Stanford University Medical Center integrates research, medical education and patient care at its three institutions - Stanford University School of Medicine, Stanford Hospital & Clinics and Lucile Packard Children’s Hospital at Stanford. For more information, please visit the Web site of the medical center’s Office of Communication & Public Affairs at http://mednews.stanford.edu.

PRINT MEDIA CONTACTS: Amy Adams at (650) 723-3900 (amyadams@stanford.edu)
BROADCAST MEDIA CONTACT: Neale Mulligan at (650) 724-2454 (nealem@stanford.edu)

Neale Mulligan | EurekAlert!
Further information:
http://med-www.stanford.edu/MedCenter/MedSchool/

More articles from Health and Medicine:

nachricht Millions through license revenues
27.04.2017 | Rheinische Friedrich-Wilhelms-Universität Bonn

nachricht New High-Performance Center Translational Medical Engineering
26.04.2017 | Fraunhofer ITEM

All articles from Health and Medicine >>>

The most recent press releases about innovation >>>

Die letzten 5 Focus-News des innovations-reports im Überblick:

Im Focus: Making lightweight construction suitable for series production

More and more automobile companies are focusing on body parts made of carbon fiber reinforced plastics (CFRP). However, manufacturing and repair costs must be further reduced in order to make CFRP more economical in use. Together with the Volkswagen AG and five other partners in the project HolQueSt 3D, the Laser Zentrum Hannover e.V. (LZH) has developed laser processes for the automatic trimming, drilling and repair of three-dimensional components.

Automated manufacturing processes are the basis for ultimately establishing the series production of CFRP components. In the project HolQueSt 3D, the LZH has...

Im Focus: Wonder material? Novel nanotube structure strengthens thin films for flexible electronics

Reflecting the structure of composites found in nature and the ancient world, researchers at the University of Illinois at Urbana-Champaign have synthesized thin carbon nanotube (CNT) textiles that exhibit both high electrical conductivity and a level of toughness that is about fifty times higher than copper films, currently used in electronics.

"The structural robustness of thin metal films has significant importance for the reliable operation of smart skin and flexible electronics including...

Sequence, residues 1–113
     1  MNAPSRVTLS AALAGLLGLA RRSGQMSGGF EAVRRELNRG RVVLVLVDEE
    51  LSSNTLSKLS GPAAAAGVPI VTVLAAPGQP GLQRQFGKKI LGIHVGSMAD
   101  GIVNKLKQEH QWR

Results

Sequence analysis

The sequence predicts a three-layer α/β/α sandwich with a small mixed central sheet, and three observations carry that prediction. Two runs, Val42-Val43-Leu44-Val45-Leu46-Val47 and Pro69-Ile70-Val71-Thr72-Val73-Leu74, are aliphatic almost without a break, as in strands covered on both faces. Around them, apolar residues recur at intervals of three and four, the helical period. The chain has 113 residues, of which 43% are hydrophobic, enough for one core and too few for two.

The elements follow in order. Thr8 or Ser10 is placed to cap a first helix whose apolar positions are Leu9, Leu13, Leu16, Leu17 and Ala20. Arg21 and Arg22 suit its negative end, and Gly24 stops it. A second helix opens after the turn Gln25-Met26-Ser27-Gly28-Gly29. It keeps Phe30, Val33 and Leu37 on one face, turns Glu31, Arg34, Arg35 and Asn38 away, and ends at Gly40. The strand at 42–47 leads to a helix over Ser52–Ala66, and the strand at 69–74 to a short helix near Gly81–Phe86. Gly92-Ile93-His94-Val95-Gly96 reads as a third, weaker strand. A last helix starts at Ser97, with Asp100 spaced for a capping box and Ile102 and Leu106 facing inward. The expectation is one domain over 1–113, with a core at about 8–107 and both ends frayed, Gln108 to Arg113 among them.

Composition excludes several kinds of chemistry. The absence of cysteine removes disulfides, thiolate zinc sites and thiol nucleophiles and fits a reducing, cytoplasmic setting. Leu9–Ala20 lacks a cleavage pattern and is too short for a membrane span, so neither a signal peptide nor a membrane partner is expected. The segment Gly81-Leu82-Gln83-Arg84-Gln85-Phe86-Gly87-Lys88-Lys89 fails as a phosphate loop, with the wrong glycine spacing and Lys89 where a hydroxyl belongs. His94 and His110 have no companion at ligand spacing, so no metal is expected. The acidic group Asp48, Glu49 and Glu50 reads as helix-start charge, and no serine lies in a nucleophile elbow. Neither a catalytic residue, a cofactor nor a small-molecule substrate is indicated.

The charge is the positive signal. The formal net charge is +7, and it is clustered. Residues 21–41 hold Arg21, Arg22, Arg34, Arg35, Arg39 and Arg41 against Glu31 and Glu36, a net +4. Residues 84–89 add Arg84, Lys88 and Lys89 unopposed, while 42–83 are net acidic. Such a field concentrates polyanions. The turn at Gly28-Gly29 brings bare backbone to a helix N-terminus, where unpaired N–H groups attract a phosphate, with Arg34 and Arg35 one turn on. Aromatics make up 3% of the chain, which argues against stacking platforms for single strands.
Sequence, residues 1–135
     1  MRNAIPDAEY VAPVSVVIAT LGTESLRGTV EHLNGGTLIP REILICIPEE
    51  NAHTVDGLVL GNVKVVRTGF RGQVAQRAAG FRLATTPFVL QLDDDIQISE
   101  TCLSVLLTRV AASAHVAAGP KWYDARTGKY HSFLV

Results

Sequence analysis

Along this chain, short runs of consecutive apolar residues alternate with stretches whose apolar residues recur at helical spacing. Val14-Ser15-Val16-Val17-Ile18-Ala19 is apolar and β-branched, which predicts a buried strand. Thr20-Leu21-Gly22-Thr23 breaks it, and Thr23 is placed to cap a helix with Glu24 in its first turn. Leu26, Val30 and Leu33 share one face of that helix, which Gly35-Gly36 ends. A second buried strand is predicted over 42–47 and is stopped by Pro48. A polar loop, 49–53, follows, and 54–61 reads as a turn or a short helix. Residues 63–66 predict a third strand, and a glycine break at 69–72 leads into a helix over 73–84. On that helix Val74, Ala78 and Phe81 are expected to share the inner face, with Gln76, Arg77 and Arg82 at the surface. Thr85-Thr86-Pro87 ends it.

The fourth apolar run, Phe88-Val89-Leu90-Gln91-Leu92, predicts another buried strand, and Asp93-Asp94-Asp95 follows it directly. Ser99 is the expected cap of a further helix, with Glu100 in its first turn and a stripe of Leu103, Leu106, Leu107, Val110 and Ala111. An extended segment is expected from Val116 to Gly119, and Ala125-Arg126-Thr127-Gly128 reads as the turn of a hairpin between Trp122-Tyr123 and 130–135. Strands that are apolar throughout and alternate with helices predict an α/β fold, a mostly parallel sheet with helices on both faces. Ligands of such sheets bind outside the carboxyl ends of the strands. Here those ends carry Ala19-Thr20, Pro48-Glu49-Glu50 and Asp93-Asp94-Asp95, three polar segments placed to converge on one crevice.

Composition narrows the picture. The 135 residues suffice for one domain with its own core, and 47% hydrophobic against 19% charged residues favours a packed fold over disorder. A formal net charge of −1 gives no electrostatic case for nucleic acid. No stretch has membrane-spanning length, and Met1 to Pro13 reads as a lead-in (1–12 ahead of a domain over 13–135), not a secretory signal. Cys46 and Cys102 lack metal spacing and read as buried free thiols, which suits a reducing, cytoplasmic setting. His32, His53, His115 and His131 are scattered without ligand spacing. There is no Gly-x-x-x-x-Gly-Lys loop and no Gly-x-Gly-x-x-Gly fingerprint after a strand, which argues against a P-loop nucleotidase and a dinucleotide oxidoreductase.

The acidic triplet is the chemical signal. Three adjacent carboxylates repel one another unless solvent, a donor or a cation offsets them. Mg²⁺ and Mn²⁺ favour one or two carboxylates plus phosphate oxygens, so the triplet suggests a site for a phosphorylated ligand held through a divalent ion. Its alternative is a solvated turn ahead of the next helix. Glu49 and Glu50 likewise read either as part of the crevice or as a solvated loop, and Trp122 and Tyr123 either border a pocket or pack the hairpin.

Im Focus: Deep inside Galaxy M87

The nearby, giant radio galaxy M87 hosts a supermassive black hole (BH) and is well-known for its bright jet dominating the spectrum over ten orders of magnitude in frequency. Due to its proximity, jet prominence, and the large black hole mass, M87 is the best laboratory for investigating the formation, acceleration, and collimation of relativistic jets. A research team led by Silke Britzen from the Max Planck Institute for Radio Astronomy in Bonn, Germany, has found strong indication for turbulent processes connecting the accretion disk and the jet of that galaxy providing insights into the longstanding problem of the origin of astrophysical jets.

Supermassive black holes form some of the most enigmatic phenomena in astrophysics. Their enormous energy output is supposed to be generated by the...

Im Focus: A Quantum Low Pass for Photons

Physicists in Garching observe novel quantum effect that limits the number of emitted photons.

The probability to find a certain number of photons inside a laser pulse usually corresponds to a classical distribution of independent events, the so-called...

Im Focus: Microprocessors based on a layer of just three atoms

Microprocessors based on atomically thin materials hold the promise of the evolution of traditional processors as well as new applications in the field of flexible electronics. Now, a TU Wien research team led by Thomas Müller has made a breakthrough in this field as part of an ongoing research project.

Two-dimensional materials, or 2D materials for short, are extremely versatile, although – or often more precisely because – they are made up of just one or a...

All Focus news of the innovation-report >>>

Anzeige

Anzeige

Event News

Fighting drug resistant tuberculosis – InfectoGnostics meets MYCO-NET² partners in Peru

28.04.2017 | Event News

Expert meeting “Health Business Connect” will connect international medical technology companies

20.04.2017 | Event News

Wenn der Computer das Gehirn austrickst

18.04.2017 | Event News

 
Latest News

Wireless power can drive tiny electronic devices in the GI tract

28.04.2017 | Medical Engineering

Ice cave in Transylvania yields window into region's past

28.04.2017 | Earth Sciences

Nose2Brain – Better Therapy for Multiple Sclerosis

28.04.2017 | Life Sciences

VideoLinks
B2B-VideoLinks
More VideoLinks >>>